Murder At St Marmaduke’s #1a&b

These are the opening two sections of a novel I wrote for the 2012 NaNoWriMo and have been trying to edit ever since. In order to give me some much needed oomph to do so, I will hopefully be posting a section or two every few days, leading eventually to the whole novel being published here. That’s the intention, anyway…

Chapter 1

Monday 4th November 1985: 08.00 – 08.35

Section (a)

There was an almost-a-circle of chairs at the front of the church. Perfectly round on one side, but slightly flattened on the other; as if the person who’d set them out had converted to a more egg-based religion halfway through. The Church of the Seventh-day Omelettists, perhaps.

Joseph Makumbo counted ten. And five old ladies, one to every two chairs, as if saying, ‘We might be here together, but we are definitely not here together.’

He could see them clearly as he tiptoed up the central aisle. Faces dry as toast, each decked out in virtually identical old-ladyly hats and old-ladyly overcoats, buttoned up tight against the wintry chill of a 15th-century stone church building.

What was worse, they could clearly see him. As they turned a combined glare in his direction, his heart plummeted into his feet, out through his shoes, down through the floor, and nestled on a sarcophagus in the vaults. Suddenly, he wished Father Rawlings hadn’t suggested he plunge into the unknown world of the Monday morning prayer meeting.

‘You’ll be the perfect replacement for old Mr Jenkins,’ the vicar had said. ‘Since he was taken, the ladies have been missing the gentlemanly touch. And being young, you’ll bring a fresh perspective.’

The vicar had looked at him rather oddly when he’d asked where Mr Jenkins had been taken. He still wasn’t sure why.

To distract himself from the ladies’ glare, he gazed around at the sheer bigness of St Marmaduke’s. The church hadn’t ceased to astonish him since he’d first walked into it five months before. Vast pillars soared into a high arched roof, which stretched into the distance on all sides. Huge stained-glass windows filtered the light into mosaics of colour across the floor and furniture. Ornately carved pews stood to attention in rows like the faithful queuing for communion on a Sunday morning.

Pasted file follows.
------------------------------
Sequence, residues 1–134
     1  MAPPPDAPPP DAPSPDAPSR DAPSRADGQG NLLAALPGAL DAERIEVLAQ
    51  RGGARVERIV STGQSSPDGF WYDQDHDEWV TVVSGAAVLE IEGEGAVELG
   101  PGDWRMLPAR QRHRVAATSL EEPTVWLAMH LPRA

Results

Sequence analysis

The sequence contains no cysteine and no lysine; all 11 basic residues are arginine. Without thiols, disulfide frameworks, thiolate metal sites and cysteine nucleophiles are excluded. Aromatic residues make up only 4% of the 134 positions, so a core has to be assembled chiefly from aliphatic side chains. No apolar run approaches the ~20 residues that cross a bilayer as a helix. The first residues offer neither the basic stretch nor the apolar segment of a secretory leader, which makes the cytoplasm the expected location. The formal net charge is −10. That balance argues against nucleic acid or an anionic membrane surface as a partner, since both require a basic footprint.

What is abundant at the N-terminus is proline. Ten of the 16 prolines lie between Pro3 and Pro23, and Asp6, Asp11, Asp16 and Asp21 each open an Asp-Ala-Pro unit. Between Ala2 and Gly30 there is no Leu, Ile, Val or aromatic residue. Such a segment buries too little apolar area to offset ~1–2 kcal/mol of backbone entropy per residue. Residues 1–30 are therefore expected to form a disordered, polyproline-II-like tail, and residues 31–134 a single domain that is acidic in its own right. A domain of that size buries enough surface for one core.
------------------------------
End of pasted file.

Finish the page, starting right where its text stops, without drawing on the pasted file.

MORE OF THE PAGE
Not at all like the place he’d come from. Nothing there but an eight-by-ten wooden shack, with a hundred congregants standing on each other’s toes for the privilege of hearing the word of the Lord being declaimed.

But then – it was no use pining for Norwich, he didn’t live there any more.

Section (b)

From his vantage point carved into the pulpit, from which position he’d fallen asleep to many a sermon over the centuries, the effigy of St Andrew watched the young man’s halting progress up the middle of the church. ‘Psst! James!’ he hissed to his neighbour. ‘There’s another one.’

He heard St James stir from his contemplation of what, Andrew felt, he disturbingly referred to as a ‘very cute gargoyle’ engraved into the end of a pew. ‘Another what?’

‘Lamb to the slaughter.’

‘Really?’ James’s voice was suddenly alive with interest. ‘What’s this one like?’

‘Male, young, and darker than we used to be before those Renaissance painters got hold of us.’

‘Hmm. Not likely to survive this lot, then.’

‘Oh, I don’t know. They’ve only killed one in the last few months. And he was a wrinkly; too frail to defend himself.’

He heard James snort. ‘I’ll lay you six to four he doesn’t get to the end of the meeting.’

‘You’re on.’

He thought about this for a couple of seconds. ‘Hang on,’ he said. ‘I’m a carving. Where would I keep my winnings?’

His fellow icon sniggered. ‘Got you again.’

Andrew stayed silent, fuming. He’d have liked to tell James to go stick his head in the font, but since they were both at the front of the church and the font was at the back, James would only come out with some crack about having to call the eagle off the lectern to give them a lift. And the eagle had refused to do that once before, claiming two lumps of stone climbing all over him would ruin the polish the cleaning woman gave him every week.

‘Anyway,’ James broke the silence, ‘why can’t we shift positions for a bit? It’s unfair you get to see all the good stuff while I’m stuck staring at pew-ends.’

Andrew was just about to explain that: one, somebody would be bound to notice if they did; and, two, as they were both integral to the structure of the pulpit it was impossible for them to move anyway; when a small but acerbic voice came from the middle of the left aisle. ‘Oh, so not good enough for your eyes now, aren’t I?’

‘Oh, Lord,’ James groaned, ‘that’s done it. I was getting on so well there, too.’

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